Research by David C. Baldridge and Michele L. Swift of Oregon State University’s College of Business, published in the journal Human Resources Management, studied the effect of age on such requests. Workers’ fear of seeming old, they found, may trump their fear of seeming to have a disability. Their findings were based on an email survey of 242 workers ages 18 to 69. Most had moderate to severe hearing loss.

Age itself has a negative stereotype in many workplaces, including the perception of “lower productivity, resistance to change, reduced ability to learn, and greater cost,” the authors wrote. “These stereotypes are often associated with fewer promotions, less training, lower performance ratings, and lower retention.”

But add disability to age and the stereotypes multiply. The older the person with a disability, the more likely they are to fear that others will attribute the request not to the disability, but to their age.

“Simply put,” the authors wrote, “people with disabilities appear to face a straightforward yet troubling question, ‘If I ask for a needed accommodation, will I be better or worse off?'”

In their discussion, the researchers advised managers and human resources personnel to realize that while many older employees may be eligible for and would benefit from disability accommodation, “these employees might also be particularly reluctant to make requests,” especially if they work in for-profit organizations or if the organization appears not to have others with disabilities.

When the disability is hearing loss, managers should make sure telephones have adjustable volume (and, I would add, be telecoil compatible). Large meetings should routinely include open captioning, which can also help employees with normal hearing follow what’s being said.

In an email interview, Baldridge said managers should think about the inclusion of persons with disabilities as “a normal aspect of diversity management.”

As the workforce ages, disability increases. The Bureau of Labor Statistics reports that about 26 percent of those ages 65 to 74 are in the workforce, and the majority are full-time workers. It’s in a company’s interest to have employees working at full capacity. If people are reluctant to ask for accommodations for a disability, their output and effectiveness are likely to suffer.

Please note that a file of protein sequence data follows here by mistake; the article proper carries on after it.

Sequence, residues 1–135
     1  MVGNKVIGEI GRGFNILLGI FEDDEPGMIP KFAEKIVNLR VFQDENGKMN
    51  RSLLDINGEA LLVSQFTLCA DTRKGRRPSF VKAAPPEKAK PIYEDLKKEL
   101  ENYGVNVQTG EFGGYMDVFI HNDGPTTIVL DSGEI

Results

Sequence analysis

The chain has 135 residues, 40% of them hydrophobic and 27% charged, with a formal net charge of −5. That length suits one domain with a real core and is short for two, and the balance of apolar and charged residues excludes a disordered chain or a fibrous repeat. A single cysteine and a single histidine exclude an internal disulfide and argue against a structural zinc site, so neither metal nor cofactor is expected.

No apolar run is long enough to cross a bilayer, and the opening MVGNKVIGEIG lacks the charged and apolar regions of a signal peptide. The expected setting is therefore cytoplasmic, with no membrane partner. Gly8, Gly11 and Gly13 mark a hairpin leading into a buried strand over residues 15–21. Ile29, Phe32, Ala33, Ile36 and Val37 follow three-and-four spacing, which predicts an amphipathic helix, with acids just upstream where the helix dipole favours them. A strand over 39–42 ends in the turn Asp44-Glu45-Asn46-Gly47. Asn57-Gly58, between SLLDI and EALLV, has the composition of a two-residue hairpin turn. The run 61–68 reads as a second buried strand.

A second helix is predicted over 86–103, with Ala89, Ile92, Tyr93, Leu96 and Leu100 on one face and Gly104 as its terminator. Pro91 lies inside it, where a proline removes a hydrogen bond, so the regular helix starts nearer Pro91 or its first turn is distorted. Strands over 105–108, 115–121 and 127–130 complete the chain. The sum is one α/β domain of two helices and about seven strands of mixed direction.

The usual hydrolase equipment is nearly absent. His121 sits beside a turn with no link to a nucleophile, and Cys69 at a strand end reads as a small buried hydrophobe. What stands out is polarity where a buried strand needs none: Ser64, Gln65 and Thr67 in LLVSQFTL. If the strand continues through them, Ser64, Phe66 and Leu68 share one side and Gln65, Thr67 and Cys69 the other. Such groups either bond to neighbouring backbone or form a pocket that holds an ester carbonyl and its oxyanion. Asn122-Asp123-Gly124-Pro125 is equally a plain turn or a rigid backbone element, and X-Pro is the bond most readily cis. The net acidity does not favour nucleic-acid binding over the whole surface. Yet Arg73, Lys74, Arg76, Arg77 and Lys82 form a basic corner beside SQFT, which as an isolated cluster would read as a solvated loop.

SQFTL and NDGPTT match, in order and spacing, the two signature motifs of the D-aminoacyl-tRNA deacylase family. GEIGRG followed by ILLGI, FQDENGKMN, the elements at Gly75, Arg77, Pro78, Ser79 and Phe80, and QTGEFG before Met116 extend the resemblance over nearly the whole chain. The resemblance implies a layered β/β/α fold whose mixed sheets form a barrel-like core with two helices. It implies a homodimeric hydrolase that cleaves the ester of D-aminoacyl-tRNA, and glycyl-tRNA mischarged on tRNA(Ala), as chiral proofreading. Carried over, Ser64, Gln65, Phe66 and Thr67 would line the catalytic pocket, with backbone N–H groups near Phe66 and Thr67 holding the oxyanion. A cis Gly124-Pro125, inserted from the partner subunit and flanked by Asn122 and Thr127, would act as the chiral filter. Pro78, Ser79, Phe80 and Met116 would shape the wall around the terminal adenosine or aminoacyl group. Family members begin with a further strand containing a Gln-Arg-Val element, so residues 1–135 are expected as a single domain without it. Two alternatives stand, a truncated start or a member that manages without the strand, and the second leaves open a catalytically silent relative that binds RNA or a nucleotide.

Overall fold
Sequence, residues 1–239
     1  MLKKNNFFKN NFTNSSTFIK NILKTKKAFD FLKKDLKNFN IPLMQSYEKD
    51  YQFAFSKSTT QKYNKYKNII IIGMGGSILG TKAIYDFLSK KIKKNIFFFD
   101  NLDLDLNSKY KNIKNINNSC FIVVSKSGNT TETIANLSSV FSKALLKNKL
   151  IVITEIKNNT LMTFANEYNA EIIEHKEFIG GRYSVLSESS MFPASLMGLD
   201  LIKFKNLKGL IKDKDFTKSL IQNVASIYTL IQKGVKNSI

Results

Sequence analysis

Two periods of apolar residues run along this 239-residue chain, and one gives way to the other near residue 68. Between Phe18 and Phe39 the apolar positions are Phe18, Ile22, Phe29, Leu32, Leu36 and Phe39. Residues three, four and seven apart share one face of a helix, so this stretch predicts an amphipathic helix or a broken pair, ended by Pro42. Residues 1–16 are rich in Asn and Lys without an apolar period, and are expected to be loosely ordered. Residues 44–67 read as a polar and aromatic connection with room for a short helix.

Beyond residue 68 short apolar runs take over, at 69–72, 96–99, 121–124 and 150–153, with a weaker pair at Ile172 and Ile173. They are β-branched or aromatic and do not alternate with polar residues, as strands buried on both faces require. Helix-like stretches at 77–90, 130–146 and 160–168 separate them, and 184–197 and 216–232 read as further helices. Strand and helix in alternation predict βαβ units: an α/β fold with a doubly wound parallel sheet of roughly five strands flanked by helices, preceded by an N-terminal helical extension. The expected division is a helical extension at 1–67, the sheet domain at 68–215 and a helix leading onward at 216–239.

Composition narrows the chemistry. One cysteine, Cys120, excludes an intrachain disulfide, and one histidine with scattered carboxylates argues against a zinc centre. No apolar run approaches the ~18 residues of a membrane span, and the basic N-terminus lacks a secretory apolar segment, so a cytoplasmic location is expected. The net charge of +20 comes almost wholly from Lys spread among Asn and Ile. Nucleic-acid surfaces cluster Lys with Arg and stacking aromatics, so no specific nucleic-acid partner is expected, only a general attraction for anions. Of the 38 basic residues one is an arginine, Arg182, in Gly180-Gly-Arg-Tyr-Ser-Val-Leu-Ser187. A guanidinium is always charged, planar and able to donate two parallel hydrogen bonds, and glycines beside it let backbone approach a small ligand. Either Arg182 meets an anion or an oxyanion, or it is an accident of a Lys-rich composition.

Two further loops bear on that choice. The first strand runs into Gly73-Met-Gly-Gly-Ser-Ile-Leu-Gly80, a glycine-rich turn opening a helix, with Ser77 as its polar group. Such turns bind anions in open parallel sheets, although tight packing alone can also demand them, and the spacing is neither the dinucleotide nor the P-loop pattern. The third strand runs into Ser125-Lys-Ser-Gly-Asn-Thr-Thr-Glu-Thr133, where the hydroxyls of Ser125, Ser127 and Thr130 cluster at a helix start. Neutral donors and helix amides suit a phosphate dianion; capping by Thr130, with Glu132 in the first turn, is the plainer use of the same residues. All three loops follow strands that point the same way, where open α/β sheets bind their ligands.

Please share your workplace experiences in the “reply” section below.

For more information about David Baldridge’s studies of disability and the workplace, email him at David.Baldridge@bus.oregonstate.edu.

For suggestions on workplace accommodations for hearing loss see HLAA’s Employment Toolkit. 

 

This post first appeared on AARP Health on June 3, 2016

Living Better jpegshoutingwonthelp

Katherine Bouton is the author of “Living Better With Hearing Loss: A Guide to Health, Happiness, Love, Sex, Work, Friends … and Hearing Aids,” and a memoir, “Shouting Won’t Help: Why I — and 50 Million Other Americans — Can’t Hear You”. Both available on Amazon.com.

What’s With the Purple?

Why purple?

I like it, for starters.

But it’s also part of the color scheme of the logo of the Hearing Loss of Association of America. I’m a fan of HLAA, and a member, and a member of the board. I’m grateful to it for advocacy and support on the national and local levels. And for the many friends I’ve made through the organization.

For more information, and for the location of chapters, go to Hearing Loss Association of America.imgres

You might also want to look at the websites for The Association of Late Deafened Adults (ALDA), The National Association of the Deaf (NAD), AG Bell, and Gallaudet University. They all have useful information, local chapters, and many resources to offer to the deaf and hard of hearing.

Good News! For a change.

Good news for people with hearing loss.

Last week CMS, which runs Medicare and Medicaid, reversed itself on an earlier proposal to eliminate coverage for bone-anchored cochlear implants, like Cochlear’s Baha and Oticon’s Ponto.

This is good news for two reasons.

First, it preserves coverage for an important and expensive technology. People with certain kinds of hearing loss, including that resulting from acoustic neuroma, can’t be treated with hearing aids or conventional cochlear implants. The bone-anchored devices, which have been implanted in 40,000 Americans since they were approved by the FDA and accepted for Medicare reimbursement in January 2006, affect people of all ages. Only 20 percent of these 40,000 procedures was covered by Medicare, according to the Hearing Industries Association. And in fact when CMS made its original proposal to end coverage it noted that it wouldn’t save Medicare a substantial amount of money.

Medicare’s decision not only ensures that these devices will continue to be available on Medicare but also will have a so-called ripple affect. Private insurance companies often follow Medicare’s lead in coverage guidelines.